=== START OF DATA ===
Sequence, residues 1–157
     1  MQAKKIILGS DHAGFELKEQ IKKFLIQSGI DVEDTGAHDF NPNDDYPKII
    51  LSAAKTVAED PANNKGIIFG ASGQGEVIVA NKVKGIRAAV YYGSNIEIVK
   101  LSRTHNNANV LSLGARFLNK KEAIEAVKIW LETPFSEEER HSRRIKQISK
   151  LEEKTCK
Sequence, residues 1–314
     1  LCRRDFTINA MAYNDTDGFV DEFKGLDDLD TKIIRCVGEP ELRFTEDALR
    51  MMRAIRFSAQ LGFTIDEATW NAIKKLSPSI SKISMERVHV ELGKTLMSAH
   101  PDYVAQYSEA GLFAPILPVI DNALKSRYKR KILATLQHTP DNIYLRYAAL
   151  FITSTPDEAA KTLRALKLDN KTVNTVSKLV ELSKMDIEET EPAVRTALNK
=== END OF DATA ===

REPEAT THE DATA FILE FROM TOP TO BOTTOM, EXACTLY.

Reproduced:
Sequence, residues 1–157
     1  MQAKKIILGS DHAGFELKEQ IKKFLIQSGI DVEDTGAHDF NPNDDYPKII
    51  LSAAKTVAED PANNKGIIFG ASGQGEVIVA NKVKGIRAAV YYGSNIEIVK
   101  LSRTHNNANV LSLGARFLNK KEAIEAVKIW LETPFSEEER HSRRIKQISK
   151  LEEKTCK
Sequence, residues 1–314
     1  LCRRDFTINA MAYNDTDGFV DEFKGLDDLD TKIIRCVGEP ELRFTEDALR
    51  MMRAIRFSAQ LGFTIDEATW NAIKKLSPSI SKISMERVHV ELGKTLMSAH
   101  PDYVAQYSEA GLFAPILPVI DNALKSRYKR KILATLQHTP DNIYLRYAAL
   151  FITSTPDEAA KTLRALKLDN KTVNTVSKLV ELSKMDIEET EPAVRTALNK